What Are the Roles of a Fire Marshal?
The roles of a fire marshal can be broadly classified into two categories: day-to-day roles and responsibilities in case of an emergency.
Responsibilities of a Fire Marshal on a Daily Basis
- Ensuring that all evacuation routes to be used in case of fire remain unobstructed
- Carrying out routine housekeeping to get rid of materials that pose the risk of a fire, such as rubbish
- Checking to see that hazardous/flammable materials are properly stored
- Making sure that fire safety signs are properly placed
- Ensuring that emergency evacuation signs are functioning properly
- Ensuring that all firefighting equipment is properly stored and regularly serviced
- Checking to see that fire detection equipment and fire alarms are functioning optimally every week
- Nominating deputies who will help ascertain that the building is fully compliant with fire safety regulations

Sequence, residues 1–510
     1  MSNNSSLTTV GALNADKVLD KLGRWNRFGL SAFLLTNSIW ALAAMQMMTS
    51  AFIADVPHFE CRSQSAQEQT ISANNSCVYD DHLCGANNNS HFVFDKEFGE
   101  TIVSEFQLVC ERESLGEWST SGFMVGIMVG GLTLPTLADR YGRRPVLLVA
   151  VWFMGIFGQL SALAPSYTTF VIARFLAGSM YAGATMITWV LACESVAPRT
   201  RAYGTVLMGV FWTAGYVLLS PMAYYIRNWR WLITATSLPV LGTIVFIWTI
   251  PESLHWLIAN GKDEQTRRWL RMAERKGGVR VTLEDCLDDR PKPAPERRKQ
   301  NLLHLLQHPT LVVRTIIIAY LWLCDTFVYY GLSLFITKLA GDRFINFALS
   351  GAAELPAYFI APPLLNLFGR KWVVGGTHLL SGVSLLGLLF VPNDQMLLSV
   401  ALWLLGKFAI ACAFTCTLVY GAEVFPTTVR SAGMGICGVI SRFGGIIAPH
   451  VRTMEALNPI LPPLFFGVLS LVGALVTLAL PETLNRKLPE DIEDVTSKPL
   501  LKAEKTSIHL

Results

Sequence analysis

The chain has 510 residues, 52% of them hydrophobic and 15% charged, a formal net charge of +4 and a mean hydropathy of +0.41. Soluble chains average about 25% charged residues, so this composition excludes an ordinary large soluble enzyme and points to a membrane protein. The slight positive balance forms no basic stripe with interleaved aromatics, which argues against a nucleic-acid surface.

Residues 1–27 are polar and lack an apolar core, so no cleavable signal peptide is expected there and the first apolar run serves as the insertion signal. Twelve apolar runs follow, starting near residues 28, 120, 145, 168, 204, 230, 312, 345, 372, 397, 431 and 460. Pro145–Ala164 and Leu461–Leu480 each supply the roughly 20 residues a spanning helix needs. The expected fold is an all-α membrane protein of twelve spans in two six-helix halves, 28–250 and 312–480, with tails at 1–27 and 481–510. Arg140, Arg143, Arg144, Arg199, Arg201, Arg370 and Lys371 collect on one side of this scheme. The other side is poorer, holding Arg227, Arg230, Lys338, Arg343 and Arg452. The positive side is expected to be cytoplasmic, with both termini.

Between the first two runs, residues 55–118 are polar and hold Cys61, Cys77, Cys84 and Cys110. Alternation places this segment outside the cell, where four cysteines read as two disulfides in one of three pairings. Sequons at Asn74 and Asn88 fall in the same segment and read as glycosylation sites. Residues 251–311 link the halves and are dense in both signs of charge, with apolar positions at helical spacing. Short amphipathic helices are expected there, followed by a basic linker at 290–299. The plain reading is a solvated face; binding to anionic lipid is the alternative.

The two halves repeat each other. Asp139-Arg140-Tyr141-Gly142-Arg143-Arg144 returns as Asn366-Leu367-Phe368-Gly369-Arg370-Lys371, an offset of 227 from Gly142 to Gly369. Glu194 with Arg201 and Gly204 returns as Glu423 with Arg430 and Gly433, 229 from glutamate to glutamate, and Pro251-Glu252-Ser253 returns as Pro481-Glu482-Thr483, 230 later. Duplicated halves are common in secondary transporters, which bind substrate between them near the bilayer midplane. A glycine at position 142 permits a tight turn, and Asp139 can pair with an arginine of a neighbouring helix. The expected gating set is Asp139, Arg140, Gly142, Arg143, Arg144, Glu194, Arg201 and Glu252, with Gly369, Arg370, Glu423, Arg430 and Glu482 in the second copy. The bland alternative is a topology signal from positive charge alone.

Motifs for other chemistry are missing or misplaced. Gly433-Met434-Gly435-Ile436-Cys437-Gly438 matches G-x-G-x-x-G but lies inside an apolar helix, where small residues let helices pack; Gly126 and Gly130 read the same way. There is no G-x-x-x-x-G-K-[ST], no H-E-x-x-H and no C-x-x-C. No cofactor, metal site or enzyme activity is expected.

- Mapping evacuation routes to be used in case of a fire
- Determining fire assembly points
- Arranging and conducting fire drills
- Training new employees on the fire safety protocols to be followed in the event of a fire
- Ensuring that electrical connections are tested for compliance with fire safety regulations
- Maintaining records on any fire safety activities carried out in the building
Responsibilities of a Fire Marshal in a Fire Emergency
- Raising the alarm when a fire starts
- Ensuring that fire doors and doors to other fireproof spaces are closed
- Ensuring that people who have vulnerabilities are assisted in evacuating in case of a fire safely
- Carrying out a roll call to ensure every person has been evacuated when a fire starts